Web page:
Welcome to the survivor moms speak out blog!

While practicing full-time as a community-based midwife, I had the opportunity to work with many women who were survivors, either of childhood sexual trauma, rape, or both. The experience of being their midwife, and witnessing their challenges and triumphs encouraged me to learn more about the effects of trauma on the body, and on the experience of childbearing specifically. So just as I felt "called" to practice midwifery, I felt "called" to shed light on issues that survivor moms face during the process of becoming a mother. That calling led me to begin the "Survivor Moms Speak Out" project. We surveyed many women who were both moms and survivors; and 81 of those women completed a narrative or contributed a poem for the book "Survivor Moms: Women's Stories of Birthing, Mothering, and Healing after Sexual Abuse."
Read more about the book, or order a copy, at http://www.midwiferytoday.com/books/survivormoms.asp.

Because of space constraints, not all of the narratives that women contributed to the book project were able to appear in full in the final version of the book. So I would like to take the opportunity to share some of the whole narratives in this blog, featuring a narrative at a time.
About reading survivor stories:
Although the stories are encouraging because they represent survivors’ triumphs over adversity, they can also to be hard to read, because of the intensity of the issues and events. I encourage you to check in with yourself while reading survivor stories, especially if you are a survivor of past trauma, and limit your exposure if you become “triggered”. Feeling triggered might take several different forms. You might start re-experiencing a past trauma you have had before, by not being able to stop thinking about it, or dreaming about, or just feeling like it is happening all over again. You may feel distress or have physical symptoms like feeling your heart race or sweating. If you start to experience these things, you may benefit from talking to someone who understands how trauma works and how to help you with post-traumatic symptoms.

To read more about trauma and posttraumatic stress disorder you can check out the National Center for PTSD website: http://www.ncptsd.va.gov/.

The Sidran Foundation offers an information and a referral resource on-line: http://www.sidran.org/

Tuesday, August 12, 2008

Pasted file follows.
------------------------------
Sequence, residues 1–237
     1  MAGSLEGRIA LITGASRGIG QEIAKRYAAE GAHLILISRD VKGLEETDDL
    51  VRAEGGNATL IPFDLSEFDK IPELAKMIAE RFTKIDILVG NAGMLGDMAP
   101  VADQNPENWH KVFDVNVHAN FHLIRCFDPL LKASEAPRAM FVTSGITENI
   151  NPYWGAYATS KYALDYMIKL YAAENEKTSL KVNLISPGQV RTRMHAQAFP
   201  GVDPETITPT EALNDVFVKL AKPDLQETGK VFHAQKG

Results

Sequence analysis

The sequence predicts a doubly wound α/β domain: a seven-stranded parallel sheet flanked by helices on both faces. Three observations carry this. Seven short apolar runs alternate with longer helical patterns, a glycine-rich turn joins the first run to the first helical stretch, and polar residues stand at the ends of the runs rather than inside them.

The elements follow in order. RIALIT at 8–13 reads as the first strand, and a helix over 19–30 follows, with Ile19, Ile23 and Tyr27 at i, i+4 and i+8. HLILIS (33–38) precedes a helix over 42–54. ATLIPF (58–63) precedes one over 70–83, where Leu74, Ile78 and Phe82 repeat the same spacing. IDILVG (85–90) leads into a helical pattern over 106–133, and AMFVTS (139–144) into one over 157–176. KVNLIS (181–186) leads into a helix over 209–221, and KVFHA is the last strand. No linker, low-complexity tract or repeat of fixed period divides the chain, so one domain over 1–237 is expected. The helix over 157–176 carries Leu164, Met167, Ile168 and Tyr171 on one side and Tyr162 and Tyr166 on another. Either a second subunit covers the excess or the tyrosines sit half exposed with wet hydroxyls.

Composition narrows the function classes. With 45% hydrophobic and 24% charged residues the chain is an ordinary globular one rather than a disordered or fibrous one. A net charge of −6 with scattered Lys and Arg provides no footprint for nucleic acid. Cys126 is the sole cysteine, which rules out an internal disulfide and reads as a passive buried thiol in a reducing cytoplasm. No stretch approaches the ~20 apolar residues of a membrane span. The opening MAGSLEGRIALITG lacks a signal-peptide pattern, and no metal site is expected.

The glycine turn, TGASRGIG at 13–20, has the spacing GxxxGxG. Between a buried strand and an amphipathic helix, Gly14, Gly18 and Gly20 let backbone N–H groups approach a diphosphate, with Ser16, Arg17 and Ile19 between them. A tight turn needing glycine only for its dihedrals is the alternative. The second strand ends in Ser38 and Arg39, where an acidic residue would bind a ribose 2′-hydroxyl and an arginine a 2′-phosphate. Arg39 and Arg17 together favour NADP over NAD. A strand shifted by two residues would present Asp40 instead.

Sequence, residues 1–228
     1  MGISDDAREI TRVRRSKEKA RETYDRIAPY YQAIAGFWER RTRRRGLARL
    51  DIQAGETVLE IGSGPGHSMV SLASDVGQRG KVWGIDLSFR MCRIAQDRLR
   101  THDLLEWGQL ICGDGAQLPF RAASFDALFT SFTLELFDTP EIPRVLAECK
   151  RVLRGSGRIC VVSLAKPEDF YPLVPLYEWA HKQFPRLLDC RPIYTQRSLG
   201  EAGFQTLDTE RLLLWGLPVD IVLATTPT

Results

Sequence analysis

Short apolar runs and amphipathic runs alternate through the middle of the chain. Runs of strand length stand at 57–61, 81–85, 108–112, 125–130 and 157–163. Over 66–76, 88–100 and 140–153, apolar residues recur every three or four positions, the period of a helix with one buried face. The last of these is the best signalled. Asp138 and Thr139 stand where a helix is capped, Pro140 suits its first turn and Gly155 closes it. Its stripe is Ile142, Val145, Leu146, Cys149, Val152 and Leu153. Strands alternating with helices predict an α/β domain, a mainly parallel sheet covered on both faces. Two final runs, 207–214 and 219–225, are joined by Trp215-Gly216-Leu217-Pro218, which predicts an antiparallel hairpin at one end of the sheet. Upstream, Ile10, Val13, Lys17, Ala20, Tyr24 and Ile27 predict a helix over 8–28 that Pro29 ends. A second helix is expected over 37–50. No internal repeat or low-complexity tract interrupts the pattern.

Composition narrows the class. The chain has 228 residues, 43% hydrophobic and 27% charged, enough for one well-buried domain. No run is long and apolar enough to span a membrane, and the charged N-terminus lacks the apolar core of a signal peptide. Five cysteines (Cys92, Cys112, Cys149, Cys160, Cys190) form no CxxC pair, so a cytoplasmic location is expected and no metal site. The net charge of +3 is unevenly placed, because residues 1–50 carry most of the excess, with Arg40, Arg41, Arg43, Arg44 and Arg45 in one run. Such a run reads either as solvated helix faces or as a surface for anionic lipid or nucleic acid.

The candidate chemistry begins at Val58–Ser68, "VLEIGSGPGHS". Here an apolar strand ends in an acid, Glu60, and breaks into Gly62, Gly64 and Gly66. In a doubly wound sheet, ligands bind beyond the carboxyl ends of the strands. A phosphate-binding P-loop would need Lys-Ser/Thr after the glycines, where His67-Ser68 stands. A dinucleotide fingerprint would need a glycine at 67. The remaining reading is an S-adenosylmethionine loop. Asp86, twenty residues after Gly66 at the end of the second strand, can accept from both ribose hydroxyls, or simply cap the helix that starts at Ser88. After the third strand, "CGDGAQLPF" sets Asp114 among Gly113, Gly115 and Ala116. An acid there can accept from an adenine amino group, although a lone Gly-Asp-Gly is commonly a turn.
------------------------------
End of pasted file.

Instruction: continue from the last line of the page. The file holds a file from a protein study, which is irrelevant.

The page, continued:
Trixie's Story

You can call me Trixie. I am a writer, born in the south, where I lived until the age of four years old. Dad was offered a better job with better wages, so off to the north we went, Michigan, so I really don’t remember those times in the south. I was told that Dad was more than happy to be moving from the south. That’s what my grandmother used to always say, it was more for me ‘cause I was born sickly and needed medical care.’

From the time of age four until the age of 13, my dad was molesting me. From the age of 15 to the age of 21, I was molested by my mother-aunt’s lovers, who were also very secretly involved in ritual abuse in the town where we lived. From the time of infancy to the time I left home, I was sexually abused, subject to tortuous ritual abuse.

I was just 12 years old and got pregnant by my dad. Being so young and not all that educated on sexuality at all, I didn’t even know that I was carrying my dad’s child, and if I did I wasn’t connected to myself. All I knew was that my stomach was growing bigger and bigger, my period ceased, and I had no one to turn to. Terrified and wanting my period to come, not wanting my mother-aunt to be angry with me, I tried very hard to give myself my own abortion. I got the idea from seeing a movie about women trying the same thing. I don’t remember the name; I just know that it made an impact on me. Not knowing that this was TV and people need to go to a doctor to have something like this done, all I knew was that I was terrified, and had to do something. I went into the bathroom with a coat hanger and stuck it up and down inside my vagina until I started to see blood. Thinking that I had gotten rid of what was growing inside of me, I felt scared, but I also felt a big relief, or so I thought. I really had not gotten rid of the baby at all. In a couple of months, I gave birth to my daughter. My mother-aunt had her delivered at home, she being a certified nurse.

I never had a chance to bond with the daughter I gave birth to. She was taken away from me right away. She was raised to believe that I was her sister. My mother-aunt raised her as if she gave birth to her. I wish she really had given birth to her because of the way she was conceived. I hated her. Raped by my dad, she had no chance of ever getting any love from me. She was born in 1967; I was only 12, just a child myself. I can say that she was a beautiful child, and I was so scared of her that every time she cried, I would disconnect from myself and it would be a new day.

By 1970, I was pregnant again. This one did not live. It was aborted by cult members, so once again there wasn’t any bonding.